Brazilian diamond is preferred. A crystal of hematite (iron-ore) is shown in Fig. 2; it occurs in the Island of Elba, has an iron-black color and metallic luster, while its powder is reddish-brown like ordinary iron-rust. Fig. 3 is a crystal of calcite remarkable for its optical property of double refraction and its ready cleavability in certain directions; in substance it is the same as ordinary marble; in fact, the latter consists of microscopic crystals of calcite. In Fig. 4 we have a crystal of garnet, not unfrequently seen in the mica-slates of New York. A crystal of sulphur from Girgenti, Sicily, is shown in Fig. 5; that locality abounds in fine transparent crystals of this substance. Fig. 6 represents a cube
|Fig. 4.||Fig. 5.||Fig. 6.|
of native silver as found in Konigsberg, Norway; and, finally (Fig. 7), a crystal of cassiterite (tin-ore) from Cornwall, in England, which has also been discovered in this country in the Black Hills, Dakota Territory. There are seven systems of crystallization, differing in the relative magnitudes and directions of certain lines of symmetry, termed the axes of the crystal. In the first, second, and third systems, these lines bear the same inclination to one another, but their magnitudes are respectively equal in the first system (see Fig. 8) (here A A', B B',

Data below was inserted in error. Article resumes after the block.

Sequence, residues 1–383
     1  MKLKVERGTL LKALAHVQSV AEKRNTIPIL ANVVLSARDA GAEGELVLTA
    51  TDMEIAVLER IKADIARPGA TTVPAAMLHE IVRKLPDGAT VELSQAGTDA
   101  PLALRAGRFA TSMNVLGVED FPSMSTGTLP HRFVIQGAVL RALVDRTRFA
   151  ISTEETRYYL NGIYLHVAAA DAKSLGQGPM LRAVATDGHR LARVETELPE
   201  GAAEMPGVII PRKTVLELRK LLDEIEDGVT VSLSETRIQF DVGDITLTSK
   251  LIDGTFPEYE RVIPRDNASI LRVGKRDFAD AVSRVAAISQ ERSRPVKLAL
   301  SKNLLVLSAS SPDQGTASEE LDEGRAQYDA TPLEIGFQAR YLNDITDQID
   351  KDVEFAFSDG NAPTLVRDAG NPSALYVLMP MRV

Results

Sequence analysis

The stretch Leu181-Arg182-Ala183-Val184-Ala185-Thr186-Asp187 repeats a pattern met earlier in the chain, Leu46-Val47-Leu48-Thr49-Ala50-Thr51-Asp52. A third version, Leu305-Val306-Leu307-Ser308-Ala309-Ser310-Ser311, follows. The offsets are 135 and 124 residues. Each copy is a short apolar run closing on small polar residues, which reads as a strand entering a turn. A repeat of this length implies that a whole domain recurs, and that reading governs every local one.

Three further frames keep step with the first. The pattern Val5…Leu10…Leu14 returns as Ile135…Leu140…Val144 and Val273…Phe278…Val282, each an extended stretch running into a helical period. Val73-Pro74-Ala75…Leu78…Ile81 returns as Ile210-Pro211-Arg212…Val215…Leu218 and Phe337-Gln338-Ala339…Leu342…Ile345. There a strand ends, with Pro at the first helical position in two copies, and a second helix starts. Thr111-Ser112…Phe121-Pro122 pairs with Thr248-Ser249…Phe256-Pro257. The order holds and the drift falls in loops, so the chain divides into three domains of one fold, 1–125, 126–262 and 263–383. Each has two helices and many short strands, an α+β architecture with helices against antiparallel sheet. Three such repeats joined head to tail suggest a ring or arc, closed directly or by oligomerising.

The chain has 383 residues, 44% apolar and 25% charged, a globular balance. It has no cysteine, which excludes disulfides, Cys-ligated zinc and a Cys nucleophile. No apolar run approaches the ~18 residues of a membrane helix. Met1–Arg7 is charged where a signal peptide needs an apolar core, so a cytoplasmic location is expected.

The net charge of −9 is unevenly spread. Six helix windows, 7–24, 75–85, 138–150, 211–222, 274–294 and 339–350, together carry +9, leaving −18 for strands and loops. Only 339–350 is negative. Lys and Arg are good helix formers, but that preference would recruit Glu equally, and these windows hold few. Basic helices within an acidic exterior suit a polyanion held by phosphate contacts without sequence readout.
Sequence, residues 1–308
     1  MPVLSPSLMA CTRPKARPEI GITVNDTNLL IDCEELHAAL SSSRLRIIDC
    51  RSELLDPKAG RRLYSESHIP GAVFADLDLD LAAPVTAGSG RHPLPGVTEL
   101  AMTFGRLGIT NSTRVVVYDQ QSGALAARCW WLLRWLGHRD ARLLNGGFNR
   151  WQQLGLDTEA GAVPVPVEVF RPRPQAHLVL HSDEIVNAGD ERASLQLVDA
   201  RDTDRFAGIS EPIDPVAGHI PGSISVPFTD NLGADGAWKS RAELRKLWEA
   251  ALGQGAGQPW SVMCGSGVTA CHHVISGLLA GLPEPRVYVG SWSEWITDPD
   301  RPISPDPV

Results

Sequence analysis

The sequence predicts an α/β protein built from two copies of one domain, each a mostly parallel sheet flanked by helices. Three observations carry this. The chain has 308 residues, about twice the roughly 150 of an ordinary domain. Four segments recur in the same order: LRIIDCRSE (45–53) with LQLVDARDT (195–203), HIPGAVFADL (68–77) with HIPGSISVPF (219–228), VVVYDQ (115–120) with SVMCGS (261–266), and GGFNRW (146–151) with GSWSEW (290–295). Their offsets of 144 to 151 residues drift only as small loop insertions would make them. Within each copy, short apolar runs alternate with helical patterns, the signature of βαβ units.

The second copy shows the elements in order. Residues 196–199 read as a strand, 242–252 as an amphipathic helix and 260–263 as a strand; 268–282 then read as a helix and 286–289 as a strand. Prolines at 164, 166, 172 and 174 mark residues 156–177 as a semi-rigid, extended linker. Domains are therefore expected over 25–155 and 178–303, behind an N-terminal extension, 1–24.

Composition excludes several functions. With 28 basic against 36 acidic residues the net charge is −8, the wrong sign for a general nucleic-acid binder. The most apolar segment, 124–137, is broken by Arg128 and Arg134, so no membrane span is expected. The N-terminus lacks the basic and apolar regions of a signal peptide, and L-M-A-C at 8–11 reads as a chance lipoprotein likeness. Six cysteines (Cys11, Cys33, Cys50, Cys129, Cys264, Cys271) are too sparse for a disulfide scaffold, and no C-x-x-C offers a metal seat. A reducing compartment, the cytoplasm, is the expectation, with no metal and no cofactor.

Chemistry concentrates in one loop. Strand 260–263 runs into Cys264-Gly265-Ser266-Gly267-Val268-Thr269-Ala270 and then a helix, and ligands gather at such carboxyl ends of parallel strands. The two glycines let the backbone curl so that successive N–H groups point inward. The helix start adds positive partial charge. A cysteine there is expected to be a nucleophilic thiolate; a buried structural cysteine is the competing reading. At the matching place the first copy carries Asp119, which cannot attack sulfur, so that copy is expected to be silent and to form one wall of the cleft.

|Fig. 7.||Fig. 8.||Fig. 9.|
C C,' are the three axes equal in magnitude and inclined at right angles to one another), equal in two of them in the second or dimetric system (Fig. 9) (here A A' equals BB', but C C' is different from these), and unequal in all three axes in the third or trimetric system (Fig. 10) (here the axes A A', B B', and C C, are all of unequal magnitudes, but their mutual inclinations in this as well as in the second system are equal).